The foresaid report provides key statistics related to the enforcement of regulations under the International Convention for the Safety of Life at Sea (SOLAS), the International Convention for the Prevention of Pollution from Ships (MARPOL), and the International Ship and Port Facility Security Code (ISPS).
Vessel Arrivals and Examinations Increased, Detentions Decreased
In 2016, a total of 9,859 individual vessels, from 83 different flag administrations, made 81,877 port calls to the United States. The Coast Guard conducted 9,390 SOLAS safety exams and 8,818 ISPS exams on these vessels. The total number of ships detained in 2016 for environmental protection and safety related deficiencies decreased from 202 to 103. The total number of ships detained in 2016 for security related deficiencies slightly decreased from 11 to 8.
Flag Administration Safety and Security Performance
Flag administration safety performance for 2016 increased, with the overall annual detention rate dropping from 2.18% to 1.09%. The three-year rolling detention ratio also decreased from 1.67% to 1.63%. The flag administrations of Honduras and Malta were both removed from our Targeted Flag List. Flag administration security performance for 2016 increased as well, with the annual Control Action Ratio (CAR) decreasing from 0.13% to 0.09%. The three-year rolling average CAR has remained steady at 0.11%. Additionally, the flag administrations of Egypt, Honduras, and Tanzania were all removed from ISPS/MTSA targeted matrix.
In addition to receiving appeals contesting the overall merits of a detention, we also receive appeals requesting the removal of a party’s association to a detention. In 2016, Coast Guard Headquarters received a total of 13 detention appeals. Four appeals were submitted challenging the overall merits of the detention. All four were denied. For those parties appealing their association with a detention, nine total, all nine were granted.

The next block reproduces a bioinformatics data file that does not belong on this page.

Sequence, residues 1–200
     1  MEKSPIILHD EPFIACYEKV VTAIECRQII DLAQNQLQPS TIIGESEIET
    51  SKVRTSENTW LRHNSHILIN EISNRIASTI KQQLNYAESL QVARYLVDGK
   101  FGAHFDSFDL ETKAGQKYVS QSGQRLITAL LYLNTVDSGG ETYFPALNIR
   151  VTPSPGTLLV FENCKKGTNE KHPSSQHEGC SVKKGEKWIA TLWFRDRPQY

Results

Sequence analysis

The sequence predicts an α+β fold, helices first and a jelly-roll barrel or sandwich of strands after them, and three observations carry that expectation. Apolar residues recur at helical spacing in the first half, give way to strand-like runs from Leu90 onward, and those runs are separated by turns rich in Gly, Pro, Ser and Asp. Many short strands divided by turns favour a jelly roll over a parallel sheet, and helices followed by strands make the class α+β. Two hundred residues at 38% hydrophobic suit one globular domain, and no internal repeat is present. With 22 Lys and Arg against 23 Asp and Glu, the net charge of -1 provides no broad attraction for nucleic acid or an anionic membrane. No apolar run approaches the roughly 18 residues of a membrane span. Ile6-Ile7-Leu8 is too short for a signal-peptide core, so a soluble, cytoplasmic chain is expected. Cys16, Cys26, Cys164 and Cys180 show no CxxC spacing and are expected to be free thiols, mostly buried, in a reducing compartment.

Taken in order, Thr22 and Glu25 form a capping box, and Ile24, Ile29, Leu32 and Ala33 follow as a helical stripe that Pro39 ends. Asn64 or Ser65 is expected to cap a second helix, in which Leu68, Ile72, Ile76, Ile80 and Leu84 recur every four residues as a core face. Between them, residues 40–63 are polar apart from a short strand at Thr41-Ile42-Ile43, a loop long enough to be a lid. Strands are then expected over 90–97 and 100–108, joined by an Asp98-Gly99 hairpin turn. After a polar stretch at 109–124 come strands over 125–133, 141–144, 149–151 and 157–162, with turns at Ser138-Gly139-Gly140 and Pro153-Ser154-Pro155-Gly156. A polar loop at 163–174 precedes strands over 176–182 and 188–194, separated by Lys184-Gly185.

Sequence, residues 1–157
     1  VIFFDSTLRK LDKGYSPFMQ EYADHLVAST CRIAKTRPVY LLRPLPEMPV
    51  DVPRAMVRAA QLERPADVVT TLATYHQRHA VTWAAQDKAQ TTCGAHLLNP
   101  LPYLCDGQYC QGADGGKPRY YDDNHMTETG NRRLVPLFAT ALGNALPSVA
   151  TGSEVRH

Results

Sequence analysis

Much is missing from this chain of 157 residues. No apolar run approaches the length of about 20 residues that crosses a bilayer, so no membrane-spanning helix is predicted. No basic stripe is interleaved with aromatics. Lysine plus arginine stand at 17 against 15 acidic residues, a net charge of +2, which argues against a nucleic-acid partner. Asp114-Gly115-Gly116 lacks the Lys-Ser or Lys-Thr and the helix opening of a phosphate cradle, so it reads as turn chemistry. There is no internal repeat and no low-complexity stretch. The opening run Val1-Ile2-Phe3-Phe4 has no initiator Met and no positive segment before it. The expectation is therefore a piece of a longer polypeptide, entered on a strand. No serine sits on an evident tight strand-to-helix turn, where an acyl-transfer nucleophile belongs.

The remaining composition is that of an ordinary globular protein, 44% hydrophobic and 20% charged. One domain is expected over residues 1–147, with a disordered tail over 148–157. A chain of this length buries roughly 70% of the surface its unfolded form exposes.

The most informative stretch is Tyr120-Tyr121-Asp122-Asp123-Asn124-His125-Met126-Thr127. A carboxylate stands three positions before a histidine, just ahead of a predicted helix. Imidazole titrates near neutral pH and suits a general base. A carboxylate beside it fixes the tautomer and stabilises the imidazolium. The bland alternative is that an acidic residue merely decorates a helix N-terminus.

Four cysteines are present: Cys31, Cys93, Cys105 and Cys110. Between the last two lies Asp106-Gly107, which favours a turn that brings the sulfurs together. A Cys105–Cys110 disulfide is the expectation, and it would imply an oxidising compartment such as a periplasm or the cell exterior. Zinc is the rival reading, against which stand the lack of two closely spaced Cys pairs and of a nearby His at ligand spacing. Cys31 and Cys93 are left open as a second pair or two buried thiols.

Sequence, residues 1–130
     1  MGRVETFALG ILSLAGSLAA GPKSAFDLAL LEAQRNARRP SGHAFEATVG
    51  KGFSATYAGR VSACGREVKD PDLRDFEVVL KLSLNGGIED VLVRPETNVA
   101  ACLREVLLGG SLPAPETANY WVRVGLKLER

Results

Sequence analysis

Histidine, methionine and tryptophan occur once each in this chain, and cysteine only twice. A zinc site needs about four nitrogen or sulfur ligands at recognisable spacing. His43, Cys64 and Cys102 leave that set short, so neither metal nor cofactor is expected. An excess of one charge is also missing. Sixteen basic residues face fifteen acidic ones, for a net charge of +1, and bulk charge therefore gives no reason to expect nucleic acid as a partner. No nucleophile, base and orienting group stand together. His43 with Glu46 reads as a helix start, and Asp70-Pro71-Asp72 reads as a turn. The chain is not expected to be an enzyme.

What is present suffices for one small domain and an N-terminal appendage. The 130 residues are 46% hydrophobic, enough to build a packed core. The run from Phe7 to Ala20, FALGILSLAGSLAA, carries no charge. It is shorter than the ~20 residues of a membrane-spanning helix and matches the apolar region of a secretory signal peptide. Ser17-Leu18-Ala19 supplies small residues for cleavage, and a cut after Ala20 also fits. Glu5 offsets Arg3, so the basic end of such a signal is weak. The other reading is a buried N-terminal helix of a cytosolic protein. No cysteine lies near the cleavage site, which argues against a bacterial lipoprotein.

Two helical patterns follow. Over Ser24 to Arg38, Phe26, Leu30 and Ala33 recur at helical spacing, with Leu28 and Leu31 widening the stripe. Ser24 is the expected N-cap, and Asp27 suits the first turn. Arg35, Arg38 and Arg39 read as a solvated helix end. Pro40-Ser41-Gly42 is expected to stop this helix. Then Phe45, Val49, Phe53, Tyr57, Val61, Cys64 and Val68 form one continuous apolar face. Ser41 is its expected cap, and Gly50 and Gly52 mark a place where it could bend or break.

The Coast Guard’s Office of Commercial Vessel Compliance further announced the QUALSHIP 21 E-Zero Program, which officially commences July 1, 2017.
Specifically, E-Zero indicates a vessel has zero environmental deficiencies or violations and is a new addition to the existing QUALSHIP 21 program, which has been in place for over 15 years worldwide. The E-Zero designation will be awarded to QUALSHIP 21 ships that have consistently adhered to environmental compliance, while also demonstrating an immense commitment to environmental stewardship, above and beyond the QUALSHIP 21 criteria.
The QUALSHIP 21 program as a whole remains voluntary and is aimed at recognizing foreign ships that have demonstrated the highest commitment to maintaining strict compliance with U.S. and international safety, security and environmental regulations.
All existing QUALSHIP 21 ships due for renewal between July 1 and December 1, 2017 will be automatically screened for eligibility. For all other QUALSHIP 21 ships that presently meet the E-Zero criteria, we welcome shipping companies to submit applications in order to have the E-Zero designation added to current certificates for reissuance.
Present Incentives for QUALSHIP 21 Vessels VS New Incentives For QUALSHIP 21/E-Zero Vessels
Present Incentives for QUALSHIP 21 Vessels
New Incentives For QUALSHIP 21/E-Zero Vessels
Further details may be found in the Annual Report herebelow
You may also read the E-Zero Pamphlet
Source & Image credit: USCG